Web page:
Playing with Memory


Playing with Memory

Video Game Perspectives on Memory Loss

            Alzheimer’s Disease and amnesia are terrifying prospects, demons lurking in the shadows that could strike at any time, time bombs that explode on entire families. However, nonetheless counter-intuitive, is it productive or even possible to turn the perspective around and see memory loss as an opportunity, an open space of agency and re-growth? Video games offer an altogether less negative outlook on the topic.

            Fictional and autobiographical works of art have sought to provide a perspective on, if not an understanding of, memory loss and Alzheimer’s whether it be through Alice Munro’s forgotten husband in The Bear Came over the Mountain or the diligent Harvard professor in the film Still Alice. As valid works of art in themselves, video games also depict memory problems dramatically, shedding light on highly personal accounts, sometimes fictionalized, sometimes biographical, often both. However, there are some specific elements of the medium itself that inevitably render its depictions of memory and lack thereof differently from literature or cinema.

            This paper aims to provide a fresh insight into the theme of memory loss by exploring it through the lens of video gaming, an art form still looked down upon by more conservative academics despite its obvious and growing importance in society and in general artistic consumption. I will draw out a few concepts in videogaming that I deem to be relevant in the study of memory. I will then exemplify these concepts and explore the theme at hand in some video games. This will hopefully help not only in furnishing the fan of cultural expressions of memory with one of its components, but also further our philosophical, personal, and conceptual reflections on memory loss and its impacts.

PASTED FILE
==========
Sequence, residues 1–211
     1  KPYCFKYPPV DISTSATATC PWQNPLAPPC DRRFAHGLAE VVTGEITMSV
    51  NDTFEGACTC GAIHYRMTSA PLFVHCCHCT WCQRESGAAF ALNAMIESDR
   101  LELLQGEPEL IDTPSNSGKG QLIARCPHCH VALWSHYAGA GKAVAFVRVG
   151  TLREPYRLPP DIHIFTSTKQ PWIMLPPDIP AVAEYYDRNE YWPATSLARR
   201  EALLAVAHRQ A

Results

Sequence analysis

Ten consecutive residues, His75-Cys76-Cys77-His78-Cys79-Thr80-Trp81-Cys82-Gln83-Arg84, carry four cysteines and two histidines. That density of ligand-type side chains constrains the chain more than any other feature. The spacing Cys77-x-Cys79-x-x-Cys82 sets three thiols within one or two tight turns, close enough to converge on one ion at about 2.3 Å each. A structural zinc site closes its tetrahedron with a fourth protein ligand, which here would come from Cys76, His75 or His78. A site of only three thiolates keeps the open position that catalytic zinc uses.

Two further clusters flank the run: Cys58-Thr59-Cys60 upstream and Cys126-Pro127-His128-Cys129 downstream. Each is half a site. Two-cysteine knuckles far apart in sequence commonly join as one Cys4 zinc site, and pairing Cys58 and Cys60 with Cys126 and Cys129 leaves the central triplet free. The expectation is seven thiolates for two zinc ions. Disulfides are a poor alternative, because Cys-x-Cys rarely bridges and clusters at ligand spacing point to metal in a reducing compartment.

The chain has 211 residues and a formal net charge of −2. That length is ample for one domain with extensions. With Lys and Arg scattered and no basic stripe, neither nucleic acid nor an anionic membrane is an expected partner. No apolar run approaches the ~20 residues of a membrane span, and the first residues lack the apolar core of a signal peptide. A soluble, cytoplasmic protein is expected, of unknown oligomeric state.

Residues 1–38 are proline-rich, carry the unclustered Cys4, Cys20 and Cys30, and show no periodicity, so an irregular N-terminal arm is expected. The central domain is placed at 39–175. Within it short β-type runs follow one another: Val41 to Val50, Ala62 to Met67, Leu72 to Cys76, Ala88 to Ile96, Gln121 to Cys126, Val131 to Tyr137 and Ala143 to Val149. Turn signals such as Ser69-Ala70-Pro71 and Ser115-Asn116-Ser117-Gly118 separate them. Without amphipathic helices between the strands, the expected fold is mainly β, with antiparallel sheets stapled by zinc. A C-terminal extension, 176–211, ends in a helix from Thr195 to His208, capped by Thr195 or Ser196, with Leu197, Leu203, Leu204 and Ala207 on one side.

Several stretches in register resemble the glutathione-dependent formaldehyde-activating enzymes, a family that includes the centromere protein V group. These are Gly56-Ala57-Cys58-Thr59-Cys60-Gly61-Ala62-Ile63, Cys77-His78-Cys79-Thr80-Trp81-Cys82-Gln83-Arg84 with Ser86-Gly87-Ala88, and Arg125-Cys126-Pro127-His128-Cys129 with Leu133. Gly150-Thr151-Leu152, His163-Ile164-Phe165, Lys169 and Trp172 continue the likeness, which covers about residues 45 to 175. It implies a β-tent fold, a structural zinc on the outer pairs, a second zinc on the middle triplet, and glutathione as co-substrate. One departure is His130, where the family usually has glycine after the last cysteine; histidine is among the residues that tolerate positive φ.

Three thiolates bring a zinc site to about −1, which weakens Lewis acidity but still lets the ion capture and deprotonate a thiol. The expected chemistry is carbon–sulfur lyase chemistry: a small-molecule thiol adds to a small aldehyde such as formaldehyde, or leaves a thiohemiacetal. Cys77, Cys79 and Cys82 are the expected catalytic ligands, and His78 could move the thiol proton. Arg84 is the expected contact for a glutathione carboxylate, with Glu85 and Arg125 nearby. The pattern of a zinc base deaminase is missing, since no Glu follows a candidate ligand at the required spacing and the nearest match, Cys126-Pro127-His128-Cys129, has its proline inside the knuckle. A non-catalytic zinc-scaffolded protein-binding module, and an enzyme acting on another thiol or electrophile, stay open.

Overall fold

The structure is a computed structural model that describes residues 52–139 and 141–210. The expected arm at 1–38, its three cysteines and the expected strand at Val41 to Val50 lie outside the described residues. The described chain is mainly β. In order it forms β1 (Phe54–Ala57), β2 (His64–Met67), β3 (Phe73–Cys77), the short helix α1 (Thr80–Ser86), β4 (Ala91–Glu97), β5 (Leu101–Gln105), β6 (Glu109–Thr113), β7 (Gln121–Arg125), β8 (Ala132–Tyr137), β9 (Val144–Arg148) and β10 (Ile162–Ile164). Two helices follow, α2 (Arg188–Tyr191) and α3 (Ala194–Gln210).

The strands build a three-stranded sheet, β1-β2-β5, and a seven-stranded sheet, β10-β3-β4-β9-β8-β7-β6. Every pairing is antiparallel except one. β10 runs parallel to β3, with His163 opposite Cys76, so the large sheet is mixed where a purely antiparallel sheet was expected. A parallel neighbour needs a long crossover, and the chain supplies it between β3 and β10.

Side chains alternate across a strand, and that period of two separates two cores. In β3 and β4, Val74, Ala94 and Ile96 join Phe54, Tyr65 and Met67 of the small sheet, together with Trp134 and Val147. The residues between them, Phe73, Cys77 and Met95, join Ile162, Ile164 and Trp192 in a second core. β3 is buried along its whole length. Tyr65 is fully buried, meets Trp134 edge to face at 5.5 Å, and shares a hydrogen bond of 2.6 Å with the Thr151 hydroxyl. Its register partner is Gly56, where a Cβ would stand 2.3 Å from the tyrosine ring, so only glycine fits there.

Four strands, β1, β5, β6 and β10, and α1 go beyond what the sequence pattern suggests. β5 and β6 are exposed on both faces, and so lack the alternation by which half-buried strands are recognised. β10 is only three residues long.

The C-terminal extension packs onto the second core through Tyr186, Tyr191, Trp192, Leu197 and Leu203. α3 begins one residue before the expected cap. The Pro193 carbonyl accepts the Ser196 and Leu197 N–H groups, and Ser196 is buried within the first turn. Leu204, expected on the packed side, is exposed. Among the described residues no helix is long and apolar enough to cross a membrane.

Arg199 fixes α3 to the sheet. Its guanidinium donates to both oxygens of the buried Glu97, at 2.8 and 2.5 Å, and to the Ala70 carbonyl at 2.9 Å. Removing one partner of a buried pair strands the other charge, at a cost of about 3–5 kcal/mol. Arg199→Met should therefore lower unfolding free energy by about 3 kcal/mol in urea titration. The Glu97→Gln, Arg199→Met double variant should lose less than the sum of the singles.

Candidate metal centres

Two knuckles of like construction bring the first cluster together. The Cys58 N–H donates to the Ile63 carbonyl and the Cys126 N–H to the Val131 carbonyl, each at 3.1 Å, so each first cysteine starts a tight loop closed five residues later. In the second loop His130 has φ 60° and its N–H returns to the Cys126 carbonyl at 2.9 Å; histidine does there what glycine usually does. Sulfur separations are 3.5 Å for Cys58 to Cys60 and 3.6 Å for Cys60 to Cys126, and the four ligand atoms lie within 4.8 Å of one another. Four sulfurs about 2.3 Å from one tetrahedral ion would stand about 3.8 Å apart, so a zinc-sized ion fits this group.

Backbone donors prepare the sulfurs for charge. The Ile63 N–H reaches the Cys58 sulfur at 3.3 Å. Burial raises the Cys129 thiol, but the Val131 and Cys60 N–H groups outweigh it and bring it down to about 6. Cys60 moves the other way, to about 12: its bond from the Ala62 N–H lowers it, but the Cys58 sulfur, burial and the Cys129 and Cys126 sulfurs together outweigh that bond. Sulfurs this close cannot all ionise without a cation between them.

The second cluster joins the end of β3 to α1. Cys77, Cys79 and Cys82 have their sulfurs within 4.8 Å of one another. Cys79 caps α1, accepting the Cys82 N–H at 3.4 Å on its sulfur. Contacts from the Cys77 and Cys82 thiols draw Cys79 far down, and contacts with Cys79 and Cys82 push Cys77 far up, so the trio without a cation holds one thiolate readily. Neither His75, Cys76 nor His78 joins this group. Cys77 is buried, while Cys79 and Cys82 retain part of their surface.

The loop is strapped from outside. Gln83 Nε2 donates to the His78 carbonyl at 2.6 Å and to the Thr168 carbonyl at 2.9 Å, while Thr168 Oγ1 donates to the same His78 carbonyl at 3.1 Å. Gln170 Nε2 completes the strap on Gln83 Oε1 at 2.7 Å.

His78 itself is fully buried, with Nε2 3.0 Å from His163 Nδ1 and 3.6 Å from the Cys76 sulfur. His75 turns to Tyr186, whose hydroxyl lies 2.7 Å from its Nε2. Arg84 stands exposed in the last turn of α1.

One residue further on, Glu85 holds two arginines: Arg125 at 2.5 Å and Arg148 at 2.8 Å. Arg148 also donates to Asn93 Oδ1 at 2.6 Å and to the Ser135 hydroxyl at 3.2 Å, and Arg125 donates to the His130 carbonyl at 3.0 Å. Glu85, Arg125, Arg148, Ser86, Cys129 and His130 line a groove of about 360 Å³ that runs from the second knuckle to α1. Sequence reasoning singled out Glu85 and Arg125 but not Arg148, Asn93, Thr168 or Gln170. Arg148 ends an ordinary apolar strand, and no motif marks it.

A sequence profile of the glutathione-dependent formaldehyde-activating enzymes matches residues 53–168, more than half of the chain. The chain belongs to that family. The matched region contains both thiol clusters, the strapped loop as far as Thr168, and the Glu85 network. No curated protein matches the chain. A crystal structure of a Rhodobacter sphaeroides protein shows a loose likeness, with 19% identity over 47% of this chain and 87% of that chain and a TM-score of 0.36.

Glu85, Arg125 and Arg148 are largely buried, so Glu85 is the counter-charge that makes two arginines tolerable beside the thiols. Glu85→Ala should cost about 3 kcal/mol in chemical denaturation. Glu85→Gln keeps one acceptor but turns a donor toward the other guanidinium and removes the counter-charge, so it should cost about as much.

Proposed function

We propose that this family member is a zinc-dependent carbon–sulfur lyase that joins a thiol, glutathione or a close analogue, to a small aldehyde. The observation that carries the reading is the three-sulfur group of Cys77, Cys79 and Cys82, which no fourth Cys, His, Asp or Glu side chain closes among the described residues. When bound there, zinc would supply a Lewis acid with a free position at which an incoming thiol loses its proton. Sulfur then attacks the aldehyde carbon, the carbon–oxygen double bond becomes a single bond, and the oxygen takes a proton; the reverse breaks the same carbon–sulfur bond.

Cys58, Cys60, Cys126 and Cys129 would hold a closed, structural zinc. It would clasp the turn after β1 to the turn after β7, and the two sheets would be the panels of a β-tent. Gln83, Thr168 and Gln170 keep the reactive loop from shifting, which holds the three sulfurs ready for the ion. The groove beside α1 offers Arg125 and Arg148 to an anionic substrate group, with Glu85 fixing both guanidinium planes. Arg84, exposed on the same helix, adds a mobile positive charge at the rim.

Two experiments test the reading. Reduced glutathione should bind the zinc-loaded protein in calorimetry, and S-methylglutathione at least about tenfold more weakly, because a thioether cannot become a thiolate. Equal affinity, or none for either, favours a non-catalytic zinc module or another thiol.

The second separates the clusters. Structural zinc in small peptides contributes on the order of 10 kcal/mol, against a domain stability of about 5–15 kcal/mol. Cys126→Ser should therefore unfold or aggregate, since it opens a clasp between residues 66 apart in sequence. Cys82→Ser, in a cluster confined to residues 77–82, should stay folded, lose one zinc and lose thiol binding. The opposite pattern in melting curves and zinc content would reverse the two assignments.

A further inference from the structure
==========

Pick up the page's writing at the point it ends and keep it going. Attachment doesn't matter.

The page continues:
The most notable feature unique to  the medium at hand is its interactivity. The game developer(s) and the player become co-narrators of a narrative whose control is ultimately shared by both of them, according to Tamer Thabet who theorizes co-narration in Video Game Narrative and Criticism: Playing the Story. The player’s input is indeed necessary for the visual and literary narrative to even take place. Games are indeed initially coded, so the narrative is ultimately constrained by that which is coded – however, the narrative is complete with only a fraction of the visible codes. In other words, much like a reader of a “choose your own adventure” novel, players have a certain level of agency (which varies incredibly from game to game) in the narrative that goes on – though unlike these novels, video games present a virtually infinite number of variations from playthrough to playthrough, and most games still do present a plot whose beginning and end are the same in terms of plot, but the in-between is entirely malleable. This difference from other narratives is indeed major as the visual and literary world that is presented to the player is one which must be actively explored by her. The narrative is co-created by the player as it unfolds in front of her, simultaneously as her fingers input commands. Her fingers write and draw the narrative made available to her by the developer(s), in a “dance of the hands,” as Graeme Kirkpatrick conceptualizes in Aesthetic Theory and the Video Game. The game presents a mirror to the player, in a sense reminiscent of film theorists’ (debated) argument that movies force identification of the viewer with the protagonist, but even more so, as the player really is, becomes, embodies the protagonist. The movements of the player’s hands (and also her whole body in some recent games) are emulated by the protagonist. They become one another.